FICTION

First Cosmic Velocity

Penguin. Aug. 2019. 352p. ISBN 9780525539278. $26. f
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DEBUT In 1961, President Kennedy inaugurated the space race with the Soviets in a speech setting the bold national agenda of “landing a man on the moon and returning him safely to earth.” That last phrase is a key plot point in this accomplished, emotionally rich first novel about the Soviet space program in the late 1950s and early 1960s. Blending history and fiction, the novel imagines a Soviet space program fully able to launch men and women into space—but unable to bring them back safely. Their solution? Soviet cosmonauts will all be twins. One goes into space and the twin stays on the ground and is presented to the public as the triumphantly returned cosmonaut. As unlikely as this premise may sound, Powers (Gravity Changes) creates a compelling, deeply engaging story about the value of human life under the pressure of politics. The surviving cosmonauts miss their siblings intensely, but they also embrace the necessity of this enterprise, and they answer the call of duty with courage and honor. Powers skillfully handles the complex emotions and relationships among the individuals in this top-secret program, which makes for a very satisfying read.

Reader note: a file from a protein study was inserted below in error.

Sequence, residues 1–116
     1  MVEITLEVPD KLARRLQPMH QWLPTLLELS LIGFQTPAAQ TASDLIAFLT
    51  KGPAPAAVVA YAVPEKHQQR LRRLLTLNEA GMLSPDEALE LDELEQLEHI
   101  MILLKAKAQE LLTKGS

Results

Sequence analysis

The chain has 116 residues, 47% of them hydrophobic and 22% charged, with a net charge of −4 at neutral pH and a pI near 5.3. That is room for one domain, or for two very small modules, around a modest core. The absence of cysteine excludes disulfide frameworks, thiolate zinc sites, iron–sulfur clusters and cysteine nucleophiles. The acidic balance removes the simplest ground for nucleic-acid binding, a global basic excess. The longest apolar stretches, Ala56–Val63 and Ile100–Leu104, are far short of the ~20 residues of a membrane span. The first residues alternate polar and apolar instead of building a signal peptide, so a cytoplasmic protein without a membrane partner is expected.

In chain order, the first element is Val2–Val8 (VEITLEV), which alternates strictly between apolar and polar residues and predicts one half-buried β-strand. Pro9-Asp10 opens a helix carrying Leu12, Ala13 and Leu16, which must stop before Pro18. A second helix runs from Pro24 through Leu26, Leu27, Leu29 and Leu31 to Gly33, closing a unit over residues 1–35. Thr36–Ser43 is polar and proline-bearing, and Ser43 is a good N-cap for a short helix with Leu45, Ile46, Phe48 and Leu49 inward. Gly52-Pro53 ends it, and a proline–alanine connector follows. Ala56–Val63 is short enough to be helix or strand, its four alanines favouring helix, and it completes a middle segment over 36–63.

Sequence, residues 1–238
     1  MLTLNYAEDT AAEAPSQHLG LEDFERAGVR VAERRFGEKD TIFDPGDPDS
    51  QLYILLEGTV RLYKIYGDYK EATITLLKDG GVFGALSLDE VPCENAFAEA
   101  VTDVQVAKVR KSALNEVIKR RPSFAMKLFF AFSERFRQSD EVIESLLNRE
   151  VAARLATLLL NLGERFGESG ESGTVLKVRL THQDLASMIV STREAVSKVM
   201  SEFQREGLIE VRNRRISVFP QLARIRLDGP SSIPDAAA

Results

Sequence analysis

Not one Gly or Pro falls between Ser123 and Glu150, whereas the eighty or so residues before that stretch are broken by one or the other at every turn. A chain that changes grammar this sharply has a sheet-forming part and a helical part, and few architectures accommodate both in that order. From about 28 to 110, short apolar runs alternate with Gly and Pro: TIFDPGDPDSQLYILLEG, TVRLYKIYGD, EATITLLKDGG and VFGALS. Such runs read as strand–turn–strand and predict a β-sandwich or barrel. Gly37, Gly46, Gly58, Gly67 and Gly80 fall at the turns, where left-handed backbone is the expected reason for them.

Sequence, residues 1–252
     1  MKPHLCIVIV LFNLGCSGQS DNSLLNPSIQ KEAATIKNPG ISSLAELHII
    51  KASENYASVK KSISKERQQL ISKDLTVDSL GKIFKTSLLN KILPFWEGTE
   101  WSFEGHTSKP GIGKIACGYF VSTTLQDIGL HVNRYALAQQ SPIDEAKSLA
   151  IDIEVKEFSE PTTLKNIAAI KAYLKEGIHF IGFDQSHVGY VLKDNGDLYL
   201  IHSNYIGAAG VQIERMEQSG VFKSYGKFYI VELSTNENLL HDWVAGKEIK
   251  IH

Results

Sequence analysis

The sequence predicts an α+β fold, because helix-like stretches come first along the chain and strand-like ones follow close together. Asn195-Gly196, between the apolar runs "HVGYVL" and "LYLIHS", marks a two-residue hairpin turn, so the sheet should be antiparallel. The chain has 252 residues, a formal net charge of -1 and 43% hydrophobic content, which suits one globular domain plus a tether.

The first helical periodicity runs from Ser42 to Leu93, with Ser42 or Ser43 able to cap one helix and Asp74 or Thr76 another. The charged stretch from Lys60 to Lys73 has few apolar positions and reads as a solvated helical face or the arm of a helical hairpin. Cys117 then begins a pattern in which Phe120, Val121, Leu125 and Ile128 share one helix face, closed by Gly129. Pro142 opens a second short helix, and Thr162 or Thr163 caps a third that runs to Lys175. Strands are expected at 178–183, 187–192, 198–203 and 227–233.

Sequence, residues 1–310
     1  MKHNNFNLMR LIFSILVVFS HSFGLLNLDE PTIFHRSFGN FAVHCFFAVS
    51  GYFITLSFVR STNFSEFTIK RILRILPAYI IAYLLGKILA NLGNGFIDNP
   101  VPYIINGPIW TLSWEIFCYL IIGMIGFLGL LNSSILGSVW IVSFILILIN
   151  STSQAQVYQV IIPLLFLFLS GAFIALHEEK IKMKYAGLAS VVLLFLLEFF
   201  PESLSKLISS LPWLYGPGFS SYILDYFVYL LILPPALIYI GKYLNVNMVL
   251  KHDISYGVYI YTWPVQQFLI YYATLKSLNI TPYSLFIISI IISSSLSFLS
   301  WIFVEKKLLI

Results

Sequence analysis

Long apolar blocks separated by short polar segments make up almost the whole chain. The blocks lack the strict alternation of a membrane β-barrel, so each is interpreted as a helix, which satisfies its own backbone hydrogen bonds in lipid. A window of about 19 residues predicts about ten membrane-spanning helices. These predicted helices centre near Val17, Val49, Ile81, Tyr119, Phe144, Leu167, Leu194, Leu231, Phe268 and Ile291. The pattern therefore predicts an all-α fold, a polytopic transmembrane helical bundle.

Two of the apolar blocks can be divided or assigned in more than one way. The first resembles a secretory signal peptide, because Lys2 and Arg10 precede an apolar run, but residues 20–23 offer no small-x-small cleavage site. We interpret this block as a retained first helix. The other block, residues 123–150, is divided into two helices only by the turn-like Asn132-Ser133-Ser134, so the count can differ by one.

VERDICT An impressively realized work that will be welcomed by those interested in literary fiction, Cold War history, and early space programs.

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